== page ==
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The menisci - the medial meniscus and lateral meniscus - are crescent-shaped bands of thick, rubbery cartilage attached to the shinbone (tibia). They act as shock absorbers and stabilize the knee. The medial meniscus is on the inner side of the knee joint. The lateral meniscus is on the outside of the knee.
Meniscus tears can vary widely in size and severity. A meniscus can be split in half, ripped around its circumference in the shape of a C or left hanging by a thread to the knee joint. A barely noticeable tear may resurface years later, triggered by something as simple as tripping over a sidewalk curb.
A meniscus tear can occur when the knee is suddenly twisted while the foot is planted on the ground. A tear can also develop slowly as the meniscus loses resiliency. In this case, a portion may break off, leaving frayed edges.
Symptoms of a Torn Meniscus
If you have a torn meniscus you may:
- Be unable to extend your leg comfortably and may feel better when your knee is bent (flexed)
- Develop pain gradually along the meniscus and joint line when you put stress on your knees (usually during a repeated activity). This most often happens when the tear develops over a period of time.
- Have swelling, stiffness or tightness in your knee
In sports, a meniscus tear usually happens suddenly. Severe pain and swelling may occur up to 24 hours afterward. Walking can become difficult. Additional pain may be felt when flexing or twisting the knee. A loose piece of cartilage can get stuck in the joint, causing the knee to temporarily lock, preventing you from fully extending your leg.
Diagnosing a Torn Meniscus
Typically, your doctor will ask you how the injury occurred, how your knee has been feeling since the injury and whether you have had other knee injuries. You may be asked about your physical and athletic goals to help your doctor decide on the best treatment for you.
Your doctor will hold your heel while you lie on your back and, with your leg bent, straighten your leg with his or her other hand on the outside of your knee as he or she rotates your foot inward. There may be some pain. It is important to describe your symptoms accurately. The amount of pain and first appearance of swelling can give important clues about where and how bad the injury is. Tell your doctor of any recurrent swelling or of your knee repeatedly giving way.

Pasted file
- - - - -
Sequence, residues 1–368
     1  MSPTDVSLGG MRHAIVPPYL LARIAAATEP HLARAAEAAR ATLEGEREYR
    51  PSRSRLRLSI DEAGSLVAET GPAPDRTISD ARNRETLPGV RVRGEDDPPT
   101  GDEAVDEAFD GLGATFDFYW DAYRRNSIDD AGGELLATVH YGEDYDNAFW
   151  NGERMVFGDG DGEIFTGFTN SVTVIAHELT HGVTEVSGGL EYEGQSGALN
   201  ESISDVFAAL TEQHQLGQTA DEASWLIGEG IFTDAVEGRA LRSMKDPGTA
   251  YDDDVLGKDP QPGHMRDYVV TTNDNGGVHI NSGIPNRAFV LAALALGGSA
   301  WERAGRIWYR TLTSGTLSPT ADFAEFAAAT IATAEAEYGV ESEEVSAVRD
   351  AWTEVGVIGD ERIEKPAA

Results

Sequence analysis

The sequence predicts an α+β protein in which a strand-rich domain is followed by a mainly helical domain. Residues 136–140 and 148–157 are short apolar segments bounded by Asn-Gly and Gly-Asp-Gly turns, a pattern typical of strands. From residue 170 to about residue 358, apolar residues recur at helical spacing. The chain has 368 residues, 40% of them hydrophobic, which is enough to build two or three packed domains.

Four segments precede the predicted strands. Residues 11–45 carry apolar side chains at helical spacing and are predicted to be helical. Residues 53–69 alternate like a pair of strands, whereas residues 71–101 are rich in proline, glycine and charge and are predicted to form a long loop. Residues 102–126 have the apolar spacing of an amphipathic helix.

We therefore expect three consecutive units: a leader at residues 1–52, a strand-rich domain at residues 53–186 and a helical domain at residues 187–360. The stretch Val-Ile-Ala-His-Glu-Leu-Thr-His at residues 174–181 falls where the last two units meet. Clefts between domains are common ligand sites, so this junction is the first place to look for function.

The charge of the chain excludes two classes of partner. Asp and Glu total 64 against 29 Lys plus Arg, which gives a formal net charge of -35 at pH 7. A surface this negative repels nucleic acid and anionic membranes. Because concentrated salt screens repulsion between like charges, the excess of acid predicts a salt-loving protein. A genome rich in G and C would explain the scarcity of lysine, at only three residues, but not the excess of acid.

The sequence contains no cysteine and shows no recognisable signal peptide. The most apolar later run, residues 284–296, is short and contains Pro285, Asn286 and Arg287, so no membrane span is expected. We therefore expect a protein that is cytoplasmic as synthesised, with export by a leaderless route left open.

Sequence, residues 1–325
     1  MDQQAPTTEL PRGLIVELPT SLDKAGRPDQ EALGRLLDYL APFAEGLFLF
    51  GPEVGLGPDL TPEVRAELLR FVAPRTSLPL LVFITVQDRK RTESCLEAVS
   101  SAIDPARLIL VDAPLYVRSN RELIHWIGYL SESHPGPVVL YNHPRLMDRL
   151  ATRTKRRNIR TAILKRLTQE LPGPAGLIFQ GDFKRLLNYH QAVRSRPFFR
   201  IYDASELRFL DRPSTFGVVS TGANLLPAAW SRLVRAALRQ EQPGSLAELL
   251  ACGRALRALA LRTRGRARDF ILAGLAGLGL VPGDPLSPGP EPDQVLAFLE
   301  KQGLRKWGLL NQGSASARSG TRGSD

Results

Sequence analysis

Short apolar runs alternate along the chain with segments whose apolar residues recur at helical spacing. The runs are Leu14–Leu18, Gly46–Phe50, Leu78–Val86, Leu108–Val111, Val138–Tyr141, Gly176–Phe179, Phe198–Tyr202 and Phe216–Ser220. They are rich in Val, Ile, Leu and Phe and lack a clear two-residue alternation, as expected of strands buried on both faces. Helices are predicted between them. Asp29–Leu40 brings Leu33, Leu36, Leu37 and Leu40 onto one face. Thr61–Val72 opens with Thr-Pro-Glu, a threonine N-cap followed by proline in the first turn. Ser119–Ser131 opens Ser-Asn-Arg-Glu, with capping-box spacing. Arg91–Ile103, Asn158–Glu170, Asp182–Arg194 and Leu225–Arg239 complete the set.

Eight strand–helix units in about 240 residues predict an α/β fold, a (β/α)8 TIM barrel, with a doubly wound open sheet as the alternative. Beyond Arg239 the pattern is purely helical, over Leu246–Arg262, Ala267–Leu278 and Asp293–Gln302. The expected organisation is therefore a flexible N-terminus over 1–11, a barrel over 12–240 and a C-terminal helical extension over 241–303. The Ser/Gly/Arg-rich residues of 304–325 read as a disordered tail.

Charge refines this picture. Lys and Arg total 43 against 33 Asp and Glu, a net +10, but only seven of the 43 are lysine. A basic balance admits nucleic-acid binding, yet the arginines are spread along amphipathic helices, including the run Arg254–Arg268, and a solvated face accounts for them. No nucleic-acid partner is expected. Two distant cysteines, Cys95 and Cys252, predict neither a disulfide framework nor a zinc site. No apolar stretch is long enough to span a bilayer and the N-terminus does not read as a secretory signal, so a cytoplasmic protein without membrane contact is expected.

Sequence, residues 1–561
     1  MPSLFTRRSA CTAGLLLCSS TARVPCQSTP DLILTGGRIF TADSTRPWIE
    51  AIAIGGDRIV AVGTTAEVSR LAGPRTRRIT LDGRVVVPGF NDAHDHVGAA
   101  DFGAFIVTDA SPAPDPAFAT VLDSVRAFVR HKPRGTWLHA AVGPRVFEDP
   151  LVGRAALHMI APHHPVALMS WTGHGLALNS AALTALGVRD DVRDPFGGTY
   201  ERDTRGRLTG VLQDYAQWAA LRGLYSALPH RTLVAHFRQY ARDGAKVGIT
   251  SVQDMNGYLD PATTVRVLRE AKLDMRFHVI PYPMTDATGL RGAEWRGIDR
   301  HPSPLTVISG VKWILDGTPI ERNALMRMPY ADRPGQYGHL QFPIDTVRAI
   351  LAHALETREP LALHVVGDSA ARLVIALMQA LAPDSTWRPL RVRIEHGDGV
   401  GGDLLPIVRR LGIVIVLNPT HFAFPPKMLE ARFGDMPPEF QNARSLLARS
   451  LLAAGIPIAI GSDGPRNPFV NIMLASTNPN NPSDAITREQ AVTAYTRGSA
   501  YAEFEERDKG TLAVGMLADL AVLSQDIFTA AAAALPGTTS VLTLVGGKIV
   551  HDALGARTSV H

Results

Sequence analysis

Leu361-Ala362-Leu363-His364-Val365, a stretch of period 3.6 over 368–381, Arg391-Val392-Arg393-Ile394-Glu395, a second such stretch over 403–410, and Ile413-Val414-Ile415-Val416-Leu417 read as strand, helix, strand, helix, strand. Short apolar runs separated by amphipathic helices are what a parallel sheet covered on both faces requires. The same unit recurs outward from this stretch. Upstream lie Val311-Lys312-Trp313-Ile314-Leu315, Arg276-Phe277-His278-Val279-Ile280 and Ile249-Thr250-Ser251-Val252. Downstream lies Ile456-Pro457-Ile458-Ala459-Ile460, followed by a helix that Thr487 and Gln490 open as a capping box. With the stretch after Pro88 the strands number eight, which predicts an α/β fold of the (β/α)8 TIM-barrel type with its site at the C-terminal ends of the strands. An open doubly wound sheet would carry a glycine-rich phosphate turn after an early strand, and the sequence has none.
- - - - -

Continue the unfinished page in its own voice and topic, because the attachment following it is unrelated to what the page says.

A magnetic resonance imaging (MRI) scan is often used to diagnose meniscal injuries. The meniscus shows up as black on the MRI. Any tears appear as white lines. An MRI is 70 to 90% accurate in identifying whether the meniscus has been torn and how badly. However, meniscus tears do not always appear on MRIs.
Meniscus tears, indicated by MRI, are classified in three grades. Grades 1 and 2 are not considered serious. They may not even be apparent with an arthroscopic examination. Grade 3 is a true meniscus tear and an arthroscope is close to 100% accurate in diagnosing this tear.
Treating a Torn Meniscus
If your MRI indicates a Grade 1 or 2 tear, but your symptoms and physical exam are inconsistent with a tear, surgery may not be needed.
Grade 3 meniscus tears usually require surgery, which may include:
- Arthroscopic repair. An arthroscope is inserted into the knee to see the tear. One or two other small incisions are made for inserting instruments. Many tears are repaired with dart-like devices that are inserted and placed across the tear to hold it together. The body usually absorbs these over time.
Arthroscopic meniscus repairs typically takes about 40 minutes to do. Usually you will be able to leave the hospital the same day.
- Arthroscopic partial meniscectomy. The goal of this surgery is to remove a small piece of the torn meniscus in order to get the knee functioning normally.
- Arthroscopic total meniscectomy. Occasionally, a large tear of the outer meniscus can best be treated by arthroscopic total meniscectomy, a procedure in which the entire meniscus is removed.